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How to Deal with Death without Alcohol

Two years before I got sober, my young cousin was diagnosed with a brain tumor.

He was nineteen, had just landed a great job, and was passionate about his friends, riding his bike, and life in general.

“We had to throw chickens right into the engine,” he told me, about his new job, training to be an engineer at Rolls Royce. “Check it would still work!”

He grinned and stepped from foot to foot, mimed throwing a chicken.

He had been just the same when he was a toddler, would blast this cheeky smile at you in the most irresistible way. Within seconds of seeing him, I’d find myself laughing.

After he found out he would lose his hair, he dyed it bright purple. Then his friend shaved it off.

I lived in a different city by then, but each time I returned to my home town, the news was worse.

More tumors; treatment not helping; my cousin requiring a stick to walk.

I’d recently moved more than a hundred miles away to Bristol where I was writing full time — something I’d always dreamed of — except that wasn’t exactly true, because I couldn’t write. Or rather, I couldn’t write anything my editor would accept.

“Too depressing,” she said — and in hindsight, I agree with her.

It was hard to create fiction when you hadn’t yet managed to successfully build your own life. Bristol was my sixth move in the last two and a half years. I’d tried four different towns and cities, burnt through four and a half relationships.

I was starting to feel pathologically unrooted, almost thirty and yet I owned no furniture or crockery, besides a small desk and a mug a friend painted for me. Putting up shelves felt as arduous and imprisoning as a mortgage. My clothes were stored in fruit boxes under my bed.

At some point, I had slipped into a subtle depression that felt like my natural mood. I couldn’t easily recall what stories were for.

And then my cousin fell ill.

Telling friends about his diagnosis in the pub, I felt despair rising.

Was my beautiful, cheeky cousin really going to die? I couldn’t get a straight answer from my family. Even the doctors didn’t seem sure.

It didn’t seem possible that he was doomed, but the Internet said people with his condition didn’t make it past eighteen months. Had he Googled it? He must have. But he never broke his cheerful attitude.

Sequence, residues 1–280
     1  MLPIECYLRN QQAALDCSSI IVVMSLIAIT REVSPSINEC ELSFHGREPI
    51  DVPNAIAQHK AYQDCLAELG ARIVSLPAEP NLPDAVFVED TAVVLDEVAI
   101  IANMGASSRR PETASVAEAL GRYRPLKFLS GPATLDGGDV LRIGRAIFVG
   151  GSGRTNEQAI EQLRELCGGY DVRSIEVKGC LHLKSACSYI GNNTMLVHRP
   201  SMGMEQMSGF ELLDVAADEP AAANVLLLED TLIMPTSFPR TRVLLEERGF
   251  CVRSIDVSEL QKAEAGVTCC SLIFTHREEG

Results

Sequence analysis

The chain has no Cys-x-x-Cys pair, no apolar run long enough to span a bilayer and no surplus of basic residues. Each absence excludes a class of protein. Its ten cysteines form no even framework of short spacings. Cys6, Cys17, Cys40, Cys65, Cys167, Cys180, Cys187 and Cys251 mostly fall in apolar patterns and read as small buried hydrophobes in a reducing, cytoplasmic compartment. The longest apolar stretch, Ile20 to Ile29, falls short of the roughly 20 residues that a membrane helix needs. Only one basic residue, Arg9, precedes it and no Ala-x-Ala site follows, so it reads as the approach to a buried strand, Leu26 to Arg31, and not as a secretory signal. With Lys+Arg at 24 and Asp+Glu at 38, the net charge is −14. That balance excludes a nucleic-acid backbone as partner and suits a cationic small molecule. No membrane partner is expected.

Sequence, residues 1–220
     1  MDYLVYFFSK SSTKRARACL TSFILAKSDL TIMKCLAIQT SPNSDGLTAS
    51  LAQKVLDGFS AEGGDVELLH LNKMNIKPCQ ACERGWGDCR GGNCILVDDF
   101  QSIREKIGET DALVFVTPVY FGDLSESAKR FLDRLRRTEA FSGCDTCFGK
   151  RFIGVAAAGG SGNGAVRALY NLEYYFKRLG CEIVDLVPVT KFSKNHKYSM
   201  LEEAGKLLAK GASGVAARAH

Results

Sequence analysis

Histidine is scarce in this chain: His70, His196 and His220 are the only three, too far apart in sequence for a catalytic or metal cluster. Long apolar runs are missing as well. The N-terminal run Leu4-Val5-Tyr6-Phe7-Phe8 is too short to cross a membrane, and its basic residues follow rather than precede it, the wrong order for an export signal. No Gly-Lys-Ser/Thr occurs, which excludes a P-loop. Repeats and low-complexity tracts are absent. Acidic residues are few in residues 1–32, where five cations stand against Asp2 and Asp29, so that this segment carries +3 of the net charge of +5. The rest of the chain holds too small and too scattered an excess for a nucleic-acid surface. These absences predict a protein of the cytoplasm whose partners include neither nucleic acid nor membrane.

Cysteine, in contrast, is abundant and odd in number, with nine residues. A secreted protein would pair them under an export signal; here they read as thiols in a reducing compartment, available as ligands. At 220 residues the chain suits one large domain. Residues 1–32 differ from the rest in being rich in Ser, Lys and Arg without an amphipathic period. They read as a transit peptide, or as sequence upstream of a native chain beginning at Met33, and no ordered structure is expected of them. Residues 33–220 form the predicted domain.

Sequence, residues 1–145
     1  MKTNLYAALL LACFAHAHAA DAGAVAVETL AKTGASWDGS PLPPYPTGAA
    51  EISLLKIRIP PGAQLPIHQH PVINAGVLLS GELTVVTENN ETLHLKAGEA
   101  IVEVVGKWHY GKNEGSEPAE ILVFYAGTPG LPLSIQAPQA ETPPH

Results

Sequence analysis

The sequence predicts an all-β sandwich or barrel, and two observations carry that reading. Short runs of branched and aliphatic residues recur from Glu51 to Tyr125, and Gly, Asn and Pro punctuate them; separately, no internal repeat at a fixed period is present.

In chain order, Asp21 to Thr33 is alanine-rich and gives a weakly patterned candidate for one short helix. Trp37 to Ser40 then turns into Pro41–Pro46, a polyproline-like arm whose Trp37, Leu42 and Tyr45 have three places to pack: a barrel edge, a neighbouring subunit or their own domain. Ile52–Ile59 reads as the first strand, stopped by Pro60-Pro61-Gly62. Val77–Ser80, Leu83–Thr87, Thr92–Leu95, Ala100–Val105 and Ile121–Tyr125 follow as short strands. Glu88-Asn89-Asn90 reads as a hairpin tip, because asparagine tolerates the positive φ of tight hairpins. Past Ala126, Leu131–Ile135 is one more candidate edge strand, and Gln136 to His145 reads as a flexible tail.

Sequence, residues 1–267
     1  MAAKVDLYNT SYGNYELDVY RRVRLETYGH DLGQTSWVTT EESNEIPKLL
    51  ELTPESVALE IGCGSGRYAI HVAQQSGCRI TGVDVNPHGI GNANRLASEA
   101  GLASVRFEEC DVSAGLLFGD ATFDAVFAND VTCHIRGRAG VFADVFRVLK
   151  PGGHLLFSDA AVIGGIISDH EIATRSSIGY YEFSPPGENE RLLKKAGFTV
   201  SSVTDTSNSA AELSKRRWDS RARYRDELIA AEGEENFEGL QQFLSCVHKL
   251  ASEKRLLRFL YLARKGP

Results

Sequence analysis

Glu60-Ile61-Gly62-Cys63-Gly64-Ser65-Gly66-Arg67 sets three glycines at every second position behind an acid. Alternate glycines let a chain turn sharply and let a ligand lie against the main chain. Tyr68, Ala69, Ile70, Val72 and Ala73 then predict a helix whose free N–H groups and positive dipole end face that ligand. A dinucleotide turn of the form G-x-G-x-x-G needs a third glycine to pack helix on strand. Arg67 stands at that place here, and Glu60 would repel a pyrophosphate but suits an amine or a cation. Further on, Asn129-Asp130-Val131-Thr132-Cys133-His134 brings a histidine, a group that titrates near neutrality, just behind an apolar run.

I agonized over the situation, powerless and desperate to find something I could do.

“I could raise money,” I told my friends, between voluminous gulps of lager. “Hire this place out and get bands to play…”

“Yes!” Kitty said, encouraging me as I blinked back tears. “You should do it!”

My mouth started to tremble and I couldn’t talk anymore.

“This requires more alcohol,” John said, heading back to the bar.

What a relief it was to throw shots back. First the burn, then the numbness. Then the hangover which stopped me from being able to do anything useful whatsoever.

My fledgling writing career, the thing in my life that had been going well, began to sputter.

Fears that the first book had been a fluke began to seem founded. Being a writer wasn’t what I’d expected; I felt more like a traveling saleswoman. I felt like a fake.

And all the while my cousin’s health diminished.

I went back to Derby to take him out for dinner with my mum. He wore a sandy-colored wig to the restaurant, his scrawny teenage body thickened up by the steroids he was taking for the cancer. We drank pints and ate steak and laughed, and I felt sure we wouldn’t lose him.

Infinite Sky was finally published and my cousin attended my first book signing. He had tickets for an event at the local football club but he wanted to come to Waterstones with me instead. That meant so much to me. Most of the afternoon, he sat beside me, scrolling through his phone.

I hugged him occasionally and tried to make him laugh which was the easiest thing in the world, and felt winded by the fact of us having such different luck. I badly wanted to take pictures of us together but wasn’t sure how he would feel about being photographed. I wish I’d asked him.

Long forgotten school friends dropped in to buy the book, and my face ached from smiling.

I eyed the champagne a friend had bought, desperate for a drink.

As soon as it was over I demanded we get beer. It was my thirtieth birthday and Mum had surprised me by inviting old friends of mine to join us at a restaurant to eat pizza.

My cousin and me walked together, arms linked, and I could feel him leaning on me slightly as if he were drunk. I prattled on about all the social faux pas I’d made during the signing and he laughed at me, chainsmoking cigarettes.

The restaurant was decorated with bunting Kitty had made and my smiling face hung everywhere. For me, it wasn’t a happy occasion. All I could think of was drinking. I needed to take the edge off. More than anything I wanted to be alone.

The intensity of my first book signing along with the shock of seeing my cousin struggle to walk made me want to sleep forever.

But my mum had gone to all this effort, and my friends had traveled miles to see me. The day was supposed to be a celebration, but I’m not sure I’ve even been so sad.

“It’s your first book launch and your thirtieth,” Kitty said to me when I confessed how I felt, on the verge of crying. “Let’s go for one drink, and if you’re not feeling it we can go home,” she said.

“Alright.” I nodded.

Eight hours later we were still dancing to Blondie and the Smiths in the Bless, powered by jager bombs. 

Back in Bristol, writing got harder.

I missed more deadlines. I felt trapped inside my book deal, body, life. I continued to drive back to Derby when I could manage it. Mum and me made a mini tradition of taking my cousin out for steak. This time he was in a wheelchair, but we drank pints and ordered pepper sauce and laughed just the same.

Still, the news kept getting worse.

The tumors were not slowing down. My cousin’s bed had to be adapted. A stairlift was installed. His friends came round in the evenings to smoke weed and watch Family Guy. I sat at the end of his bed, feeling awkward, but wanting to be close to him. I fetched him Frij milkshakes and set him up with a straw.